B. Because of the disunity and ill-will among the South Asian neighbours, particular India and Pakistan, great powers from outside the area could meddle into their affairs and thereby keep neighbours apart.
C. It needs to be added that it was the bountiful supply of sophisticated arms that emboldened Pakistan to go for warlike bellicosity towards India.
D. As a part of the cold war strategy of the US, Pakistan was sucked into Washington’s military alliance spreading over the years.
6. Internally too, it was the massive induction of American arms into Pakistan which empowered the military junta of that country to stuff out the civilian government and destroy democracy in Pakistan.
1. The success of any unit in a competitive environment depends on prudent management sources.
A. In this context it would have been more appropriate if the concept of accelerated depreciation, together with additional incentives towards capital allowances for recouping a portion of the cost of replacements out of the current generations, had been accepted.
B. Added to this are negligible retention of profits because of inadequate capital allowances and artificial disallowance’s of genuine outflows.
C. One significant cause for poor generation of surpluses is the high cost of capital and its servicing cost.
D. The lack of a mechanism in India tax laws for quick recovery of capital costs has not received its due attention.
6. While this may apparently look costly from the point of view of the exchequer, the ultimate cost of the Government and the community in the form of losses suffered through poor viability will be prohibitive.
1. Count Rumford is perhaps best known for his observations on the nature of heat.
A. He undertook several experiments in order to test the theories of the origin of frictional heat.
B. According to the calorists, the heat was produced by the “caloric” squeezed out of he chips in
the process of separating them from the larger pieces of metal.
C. Lavoisier had introduced the term “caloric” for the weightless substance heat, and had included it among the chemical elements, along with carbon, nitrogen and oxygen.
D. In the munitions factory in Munich, Rumford noticed that a considerable degree of heat developed in a brass gun while it was being bored.
6. Rumford could not believe that the big amount of heat generated could have come from the small amount of dust created.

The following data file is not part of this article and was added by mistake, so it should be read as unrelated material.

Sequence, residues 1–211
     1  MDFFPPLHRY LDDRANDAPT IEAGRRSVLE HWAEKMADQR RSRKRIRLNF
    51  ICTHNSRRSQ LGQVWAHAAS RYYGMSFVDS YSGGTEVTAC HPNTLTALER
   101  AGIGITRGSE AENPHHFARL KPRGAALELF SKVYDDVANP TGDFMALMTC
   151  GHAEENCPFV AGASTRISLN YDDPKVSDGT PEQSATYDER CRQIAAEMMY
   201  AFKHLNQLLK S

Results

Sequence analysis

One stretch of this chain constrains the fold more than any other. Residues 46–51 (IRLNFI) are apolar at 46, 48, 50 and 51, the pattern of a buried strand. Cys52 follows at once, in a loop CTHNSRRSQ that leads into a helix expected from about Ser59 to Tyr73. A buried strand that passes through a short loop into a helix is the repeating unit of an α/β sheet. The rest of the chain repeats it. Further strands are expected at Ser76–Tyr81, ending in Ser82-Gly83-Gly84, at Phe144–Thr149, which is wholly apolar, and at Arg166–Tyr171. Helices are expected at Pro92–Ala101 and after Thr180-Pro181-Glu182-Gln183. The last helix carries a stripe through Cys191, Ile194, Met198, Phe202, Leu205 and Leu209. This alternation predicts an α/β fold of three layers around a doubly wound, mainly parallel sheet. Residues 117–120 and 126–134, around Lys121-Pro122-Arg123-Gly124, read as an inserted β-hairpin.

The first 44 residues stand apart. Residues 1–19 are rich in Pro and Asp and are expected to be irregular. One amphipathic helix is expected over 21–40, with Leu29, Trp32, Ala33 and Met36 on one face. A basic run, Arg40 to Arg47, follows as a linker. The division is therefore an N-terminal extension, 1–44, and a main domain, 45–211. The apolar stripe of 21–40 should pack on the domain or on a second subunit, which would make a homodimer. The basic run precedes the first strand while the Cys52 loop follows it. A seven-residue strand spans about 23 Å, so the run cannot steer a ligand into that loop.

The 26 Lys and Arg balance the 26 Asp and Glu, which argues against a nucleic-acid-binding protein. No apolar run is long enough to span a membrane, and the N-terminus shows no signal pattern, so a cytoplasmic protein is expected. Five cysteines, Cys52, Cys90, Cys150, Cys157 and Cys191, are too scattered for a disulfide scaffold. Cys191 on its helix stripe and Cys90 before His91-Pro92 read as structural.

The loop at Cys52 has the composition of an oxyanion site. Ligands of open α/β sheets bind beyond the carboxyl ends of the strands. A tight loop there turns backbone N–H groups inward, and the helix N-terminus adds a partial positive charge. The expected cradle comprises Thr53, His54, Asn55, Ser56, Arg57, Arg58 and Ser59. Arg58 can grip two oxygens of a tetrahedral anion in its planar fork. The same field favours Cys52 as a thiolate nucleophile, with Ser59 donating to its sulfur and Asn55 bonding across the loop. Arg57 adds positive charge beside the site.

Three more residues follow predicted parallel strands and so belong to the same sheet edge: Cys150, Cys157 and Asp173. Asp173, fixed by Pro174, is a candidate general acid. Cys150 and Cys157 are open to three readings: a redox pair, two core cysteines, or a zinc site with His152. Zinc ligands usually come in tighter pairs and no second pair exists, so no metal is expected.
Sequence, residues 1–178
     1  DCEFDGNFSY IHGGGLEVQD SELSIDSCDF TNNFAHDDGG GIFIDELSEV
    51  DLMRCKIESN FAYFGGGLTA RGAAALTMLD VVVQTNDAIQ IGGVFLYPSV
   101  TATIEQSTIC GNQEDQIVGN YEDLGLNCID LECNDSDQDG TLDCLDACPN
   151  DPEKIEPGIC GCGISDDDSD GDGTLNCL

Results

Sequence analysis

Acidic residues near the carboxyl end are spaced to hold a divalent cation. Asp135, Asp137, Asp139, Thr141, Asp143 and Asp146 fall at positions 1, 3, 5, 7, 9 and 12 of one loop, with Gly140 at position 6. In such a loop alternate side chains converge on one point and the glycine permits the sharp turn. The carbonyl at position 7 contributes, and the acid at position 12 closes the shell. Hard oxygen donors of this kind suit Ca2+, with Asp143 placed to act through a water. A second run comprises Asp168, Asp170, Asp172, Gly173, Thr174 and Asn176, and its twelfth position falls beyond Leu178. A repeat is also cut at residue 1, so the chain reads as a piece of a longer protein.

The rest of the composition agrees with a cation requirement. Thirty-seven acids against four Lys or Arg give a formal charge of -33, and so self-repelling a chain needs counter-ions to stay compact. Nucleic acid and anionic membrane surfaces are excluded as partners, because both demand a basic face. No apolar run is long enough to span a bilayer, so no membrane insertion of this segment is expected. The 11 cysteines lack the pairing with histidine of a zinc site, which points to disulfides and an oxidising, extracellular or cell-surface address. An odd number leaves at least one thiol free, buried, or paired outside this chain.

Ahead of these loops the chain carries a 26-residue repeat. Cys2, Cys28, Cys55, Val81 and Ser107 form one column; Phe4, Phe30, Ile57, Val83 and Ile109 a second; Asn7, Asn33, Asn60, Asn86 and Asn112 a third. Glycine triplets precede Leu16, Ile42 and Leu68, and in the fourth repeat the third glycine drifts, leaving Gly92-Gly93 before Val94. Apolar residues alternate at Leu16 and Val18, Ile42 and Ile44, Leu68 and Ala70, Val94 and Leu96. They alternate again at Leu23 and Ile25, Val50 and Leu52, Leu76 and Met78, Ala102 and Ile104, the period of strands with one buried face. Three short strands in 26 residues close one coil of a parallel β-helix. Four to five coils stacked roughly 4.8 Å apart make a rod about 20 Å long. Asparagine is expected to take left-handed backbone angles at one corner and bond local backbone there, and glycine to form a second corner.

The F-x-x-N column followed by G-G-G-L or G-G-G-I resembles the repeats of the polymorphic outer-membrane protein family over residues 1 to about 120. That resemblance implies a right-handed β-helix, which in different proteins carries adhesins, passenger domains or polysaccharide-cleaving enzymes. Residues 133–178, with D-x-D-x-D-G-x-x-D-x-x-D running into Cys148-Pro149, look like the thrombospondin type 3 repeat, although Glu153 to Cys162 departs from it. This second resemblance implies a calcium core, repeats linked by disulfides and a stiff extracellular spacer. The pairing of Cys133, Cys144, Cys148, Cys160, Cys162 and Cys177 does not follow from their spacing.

1. Visual recognition involves storing and retrieving of memories.
A. Psychologists of the Gestalt School maintain that objects are recognised as a whole in a procedure.
B. Neural activity, triggered by the eye, forms an image in the brain’s memory system that constitutes an internal representation of the viewed object.
C. Controversy surrounds the question of whether recognition is a single one-step procedure or a serial step-by-step one.
D. When an object is encountered again, it is matched with its internal recognition and thereby recognised.
6. The internal representation is matched with the retinal image in a single operation.
1. The idea of sea-floor spreading actually preceded the theory of plate tectonics.
A. The hypothesis was soon substantiated by the discovery that periodic reversals of the earth’s magnetic field are recorded in the oceanic crust.
B. In its original version, it described the creation and destruction of ocean floor, but it did not specify rigid lithospheric plates.
C. An explanation of this process devised by F.J. Vine and D.H. Mathews of Princeton is now generally accepted.
D. The sea-floor spreading hypothesis was formulated chiefly by Harry H. Hess of Princeton University in the early 1960’s.
6. As magma rises under the mid-ocean, ferromagnetic minerals in the magma become magnetised in the direction of the geomagnetic field.
1. The history of mammals dates back at least to Triassic time.
A. Miocene and Pliocene time was marked by culmination of several groups and continued approach towards modern characters.
B. Development was retarded, however, until the sudden acceleration of evolutional change that occurred in the oldest Paleocene.
C. In the Oligocene Epoch, there was further improvement, with appearance of some new lines and extinction of others.
D. This led in Eocene time to increase in average size, larger mental capacity, and special adaptations for different modes of life.
6. The peak of the career of mammals in variety and average large size was attained in this epoch.
1. The death of cinema has been predicted annually.
A. It hasn’t happened.
B. It was said that the television would kill it off and indeed audiences plummeted reaching a low in 1984.
C. Film has enjoyed a renaissance, and audiences are now roughly double of what they were a decade ago.
D. Then the home computer became the projected nemesis, followed by satellite television.
6. Why? Probably because, even in the most atomized of societies, we human beings feel the need to share our fantasies and our excitement.